The Perplexing Problem of Manitoba’s Nameless Lakes | Atlas Obscura

As the province’s official toponymist, Kappel has the Adam-esque task of pinning names on its many anonymous features. Although the Manitoba database currently contains about 8,000 lake names, they’re just a drop in the bucket. Go through some simple subtraction, and the scale of anonymity becomes clear: “About 90,000 of our lakes currently do not have an official name,” Kappel notes.

Read more at the Source: The Perplexing Problem of Manitoba’s Nameless Lakes | Atlas Obscura

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Author: conniejjasperson

Connie J. Jasperson lives in Olympia, Washington. A vegan, she and her husband share five children, a love of good food and great music. She is active in local writing groups, an editor for Myrddin Publishing Group, and is a writing coach. She is an active member of the both the Northwest Independent Writers Association and Pacific Northwest Writers Association, and is a founding member of Myrddin Publishing Group. Music and food dominate her waking moments. When not writing or blogging she can be found with her Kindle, reading avidly.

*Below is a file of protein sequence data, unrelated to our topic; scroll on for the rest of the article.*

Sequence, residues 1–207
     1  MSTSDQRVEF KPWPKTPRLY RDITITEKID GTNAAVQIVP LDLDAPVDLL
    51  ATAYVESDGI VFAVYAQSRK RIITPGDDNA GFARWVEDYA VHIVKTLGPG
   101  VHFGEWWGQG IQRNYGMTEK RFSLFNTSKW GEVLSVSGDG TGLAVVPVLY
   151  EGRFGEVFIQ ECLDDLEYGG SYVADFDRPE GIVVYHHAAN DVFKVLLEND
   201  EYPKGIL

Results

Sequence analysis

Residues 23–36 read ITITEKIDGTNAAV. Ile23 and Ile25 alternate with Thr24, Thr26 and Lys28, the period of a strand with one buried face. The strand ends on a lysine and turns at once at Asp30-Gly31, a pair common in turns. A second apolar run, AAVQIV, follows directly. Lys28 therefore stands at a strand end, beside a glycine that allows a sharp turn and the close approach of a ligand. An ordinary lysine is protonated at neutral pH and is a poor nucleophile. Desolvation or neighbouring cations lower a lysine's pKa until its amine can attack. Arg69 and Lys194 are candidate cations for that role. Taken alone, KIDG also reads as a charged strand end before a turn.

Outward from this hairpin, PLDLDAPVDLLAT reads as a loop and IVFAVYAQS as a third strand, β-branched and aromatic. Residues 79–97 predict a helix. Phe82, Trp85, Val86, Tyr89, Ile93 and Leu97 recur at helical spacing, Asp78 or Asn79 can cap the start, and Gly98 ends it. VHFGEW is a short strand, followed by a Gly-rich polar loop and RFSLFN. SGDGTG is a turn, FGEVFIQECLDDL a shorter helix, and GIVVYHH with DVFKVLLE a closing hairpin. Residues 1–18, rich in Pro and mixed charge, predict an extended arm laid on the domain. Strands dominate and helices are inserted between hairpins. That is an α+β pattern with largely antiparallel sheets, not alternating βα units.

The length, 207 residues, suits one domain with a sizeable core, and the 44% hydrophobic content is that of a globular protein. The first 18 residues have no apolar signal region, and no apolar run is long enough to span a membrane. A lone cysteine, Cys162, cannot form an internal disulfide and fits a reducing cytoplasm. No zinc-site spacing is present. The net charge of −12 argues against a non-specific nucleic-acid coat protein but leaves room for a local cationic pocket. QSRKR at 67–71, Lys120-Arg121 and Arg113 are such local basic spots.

2 thoughts on “The Perplexing Problem of Manitoba’s Nameless Lakes | Atlas Obscura”

  1. In Japan, it’s not uncommon to name natural features with numbers, for example Sakayama Lake #2 is larger than Sakayama Lake #5 but not as large as Sakayama Lake #12.

    Liked by 1 person

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